True to the motto “oldie but a goldie” I have a simple solution for a typical problem arising in a modular WPF application: If you have a setup where your Resource Dictionary is located in another project, the designer is very likely to be ignorant about its contents. Merging the dictionary into your App.xaml Resource node will handle the runtime situation correctly, but VS is likely to fail in showing the resource at design time as desired.
TL;DR: the template on GitHub. Some time ago I released a simple OWIN-based ASP.NET Web API template that was meant as a quick and easy starting point for developing SPA applications. The tempalte was released as Visual Studio template. A reader asked my if I would provide an update for Visual Studio 2015 (RC). The answer is a clear yes and no. With VS2015 and the new ASP.NET version on the doorstep it wouldn’t make sense to release an updated version of the simple SPA starter template based on OWIN components.
Together with my colleague Ricardo, I put together a set of Roslyn code diagnostics that enforce some best practices when dealing with async code in C#/.NET. To make use of them, you need the latest CTP of Visual Studio 2015. The source code for the diagnostics and fixes is over at GitHub: https://github.com/olohmann/AsyncAwaitAnalyzer You can pull in a NuGet Package to use them directly in a VS2015 project: Install-Package AsyncAwaitAnalyzer -Pre When things have stablized (i.
Update 2015-10-22: Since I received a couple of requests to maintain this template for Visual Studio 2015, I’ve published an update to the extension gallery. The source code is now on GitHub Update 2015-05-12: Already on Visual Studio 2015 or Visual Studio Code? Check out my blog post on an updated version of this template for VS2015 that uses Yeoman and ASP.NET vNext. You want to develop a simple Single Page Application (SPA) with ASP.
I am writing a lot of sample code and usually I have to fill my samples with some random data. A typical entity in most scenarios is a person or a contact. Since I am tired with putting in some static names here and there and copy and paste them between samples, I wrote a little library that generates random contact sequences. It takes the most common first and last names of the US and generates random combinations of them.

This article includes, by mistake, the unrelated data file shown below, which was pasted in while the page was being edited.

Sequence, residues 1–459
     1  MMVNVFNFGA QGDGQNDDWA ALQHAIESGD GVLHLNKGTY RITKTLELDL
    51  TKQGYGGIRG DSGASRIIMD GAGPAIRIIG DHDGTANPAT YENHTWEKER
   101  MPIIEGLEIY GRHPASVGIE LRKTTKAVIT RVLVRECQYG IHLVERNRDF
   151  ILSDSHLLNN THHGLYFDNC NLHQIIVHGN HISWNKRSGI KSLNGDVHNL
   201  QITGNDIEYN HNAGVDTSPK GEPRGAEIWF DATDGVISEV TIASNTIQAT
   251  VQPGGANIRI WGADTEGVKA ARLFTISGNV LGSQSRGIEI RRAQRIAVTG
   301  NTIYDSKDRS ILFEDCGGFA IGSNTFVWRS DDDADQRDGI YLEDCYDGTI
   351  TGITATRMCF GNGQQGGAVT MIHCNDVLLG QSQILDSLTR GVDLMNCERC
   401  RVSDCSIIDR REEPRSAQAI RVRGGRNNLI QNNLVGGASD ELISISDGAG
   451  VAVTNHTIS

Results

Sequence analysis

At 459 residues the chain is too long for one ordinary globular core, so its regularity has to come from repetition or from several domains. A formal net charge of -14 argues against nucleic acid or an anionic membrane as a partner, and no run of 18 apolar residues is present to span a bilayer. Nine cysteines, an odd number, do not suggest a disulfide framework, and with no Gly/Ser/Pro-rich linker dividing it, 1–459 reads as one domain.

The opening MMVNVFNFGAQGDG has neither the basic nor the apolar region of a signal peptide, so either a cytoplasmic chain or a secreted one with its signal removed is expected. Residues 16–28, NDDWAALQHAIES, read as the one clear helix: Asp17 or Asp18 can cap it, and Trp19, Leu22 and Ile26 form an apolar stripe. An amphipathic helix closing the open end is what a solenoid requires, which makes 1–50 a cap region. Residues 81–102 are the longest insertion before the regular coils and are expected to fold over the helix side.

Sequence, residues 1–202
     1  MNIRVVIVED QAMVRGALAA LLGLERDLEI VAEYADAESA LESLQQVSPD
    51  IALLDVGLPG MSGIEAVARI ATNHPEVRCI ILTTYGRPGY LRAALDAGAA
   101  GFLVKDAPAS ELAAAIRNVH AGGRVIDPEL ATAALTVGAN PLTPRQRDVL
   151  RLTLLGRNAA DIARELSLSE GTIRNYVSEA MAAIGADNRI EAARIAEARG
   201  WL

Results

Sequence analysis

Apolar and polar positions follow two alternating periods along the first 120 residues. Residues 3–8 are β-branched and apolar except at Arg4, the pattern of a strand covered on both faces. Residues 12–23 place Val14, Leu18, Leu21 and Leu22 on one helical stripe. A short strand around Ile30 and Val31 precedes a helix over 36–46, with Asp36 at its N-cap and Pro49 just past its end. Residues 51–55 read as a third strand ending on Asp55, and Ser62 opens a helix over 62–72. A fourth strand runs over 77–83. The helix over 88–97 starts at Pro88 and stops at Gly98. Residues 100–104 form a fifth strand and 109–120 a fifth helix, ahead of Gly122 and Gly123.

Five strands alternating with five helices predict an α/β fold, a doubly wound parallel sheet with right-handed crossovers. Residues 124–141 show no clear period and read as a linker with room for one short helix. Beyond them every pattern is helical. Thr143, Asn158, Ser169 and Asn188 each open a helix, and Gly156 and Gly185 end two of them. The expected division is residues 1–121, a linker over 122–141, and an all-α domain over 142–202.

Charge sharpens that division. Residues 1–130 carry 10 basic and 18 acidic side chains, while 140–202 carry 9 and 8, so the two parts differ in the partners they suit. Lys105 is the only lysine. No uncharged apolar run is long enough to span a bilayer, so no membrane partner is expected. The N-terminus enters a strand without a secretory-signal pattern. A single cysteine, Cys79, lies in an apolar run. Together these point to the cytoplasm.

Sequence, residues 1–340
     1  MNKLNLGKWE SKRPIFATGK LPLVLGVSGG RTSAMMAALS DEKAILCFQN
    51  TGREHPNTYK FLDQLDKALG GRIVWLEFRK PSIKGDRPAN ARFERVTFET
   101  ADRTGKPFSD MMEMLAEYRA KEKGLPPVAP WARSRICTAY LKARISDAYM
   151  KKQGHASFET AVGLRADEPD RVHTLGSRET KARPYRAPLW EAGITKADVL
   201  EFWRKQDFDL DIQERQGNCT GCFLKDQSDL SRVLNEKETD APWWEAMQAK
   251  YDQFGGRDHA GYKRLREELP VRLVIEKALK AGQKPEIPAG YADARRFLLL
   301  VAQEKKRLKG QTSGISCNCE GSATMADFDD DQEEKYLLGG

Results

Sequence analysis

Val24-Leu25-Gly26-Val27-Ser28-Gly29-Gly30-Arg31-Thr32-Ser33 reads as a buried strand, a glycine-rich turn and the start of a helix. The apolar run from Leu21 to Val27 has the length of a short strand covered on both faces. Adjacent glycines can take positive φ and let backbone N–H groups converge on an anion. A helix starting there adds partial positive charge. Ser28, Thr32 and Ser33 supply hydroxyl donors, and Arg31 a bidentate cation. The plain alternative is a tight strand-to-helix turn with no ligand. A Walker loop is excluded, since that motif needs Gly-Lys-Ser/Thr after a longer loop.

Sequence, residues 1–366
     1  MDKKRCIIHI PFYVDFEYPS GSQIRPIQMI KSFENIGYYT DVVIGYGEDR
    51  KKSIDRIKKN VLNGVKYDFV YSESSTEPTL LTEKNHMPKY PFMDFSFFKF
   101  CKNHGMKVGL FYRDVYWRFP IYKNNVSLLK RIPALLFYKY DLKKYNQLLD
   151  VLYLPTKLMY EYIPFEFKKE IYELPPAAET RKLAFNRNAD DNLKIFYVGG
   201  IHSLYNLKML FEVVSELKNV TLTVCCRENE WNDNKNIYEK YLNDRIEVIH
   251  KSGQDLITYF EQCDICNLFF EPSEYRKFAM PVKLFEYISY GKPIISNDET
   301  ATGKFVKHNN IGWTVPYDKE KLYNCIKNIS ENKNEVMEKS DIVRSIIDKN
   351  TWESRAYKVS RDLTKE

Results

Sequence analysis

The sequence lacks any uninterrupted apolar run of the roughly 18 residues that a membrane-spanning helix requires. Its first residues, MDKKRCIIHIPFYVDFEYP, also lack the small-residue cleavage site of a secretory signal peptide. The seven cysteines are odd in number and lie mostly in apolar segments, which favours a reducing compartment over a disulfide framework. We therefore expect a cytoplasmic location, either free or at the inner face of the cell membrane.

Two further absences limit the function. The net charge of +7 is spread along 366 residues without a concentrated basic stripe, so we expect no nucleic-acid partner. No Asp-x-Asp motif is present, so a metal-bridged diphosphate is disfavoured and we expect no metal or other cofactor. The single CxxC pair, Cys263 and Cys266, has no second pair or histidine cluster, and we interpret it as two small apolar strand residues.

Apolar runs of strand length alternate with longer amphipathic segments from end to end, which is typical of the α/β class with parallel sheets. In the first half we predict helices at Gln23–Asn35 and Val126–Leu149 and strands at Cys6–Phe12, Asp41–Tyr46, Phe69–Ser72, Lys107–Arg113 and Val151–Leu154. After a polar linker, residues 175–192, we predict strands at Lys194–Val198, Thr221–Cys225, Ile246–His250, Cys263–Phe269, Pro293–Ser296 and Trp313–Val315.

In my last blog post I described the general idea of using Rx to handle typical query situation with all their pitfalls. Let us take the idea one step further in developing a WPF control that directly makes use of Rx. The source code excerpts in this post are simplified and I tried to focus just on the important aspects. The final code looks a bit different and can be downloaded from GitHub.
In this blog post we will focus on the Rx aspects of developing an autocomplete feature. In the next blog post we are going to work on a re-usable WPF auto-complete TextBox that uses Rx under the covers. Some months ago I delivered a Workshop on Reactive Extensions (Rx). If you never heard about Rx, you should read this first. One little exercise I did with the workshop attendees was to develop a basic auto-complete TextBox that would query an online dictionary service and the results would be shown in the UI.
Not exactly a brand new topic in the area of WPF development are attached behaviors. However, in my opinion, they should be used more often - that’s why I decided to write about it. Let us start from the beginning. What is an attached behavior? From a high level perspective attached behaviors allow you to write a snippet of code that can add additional features to a WPF control without doing something that drastic as inheriting from an existing control class.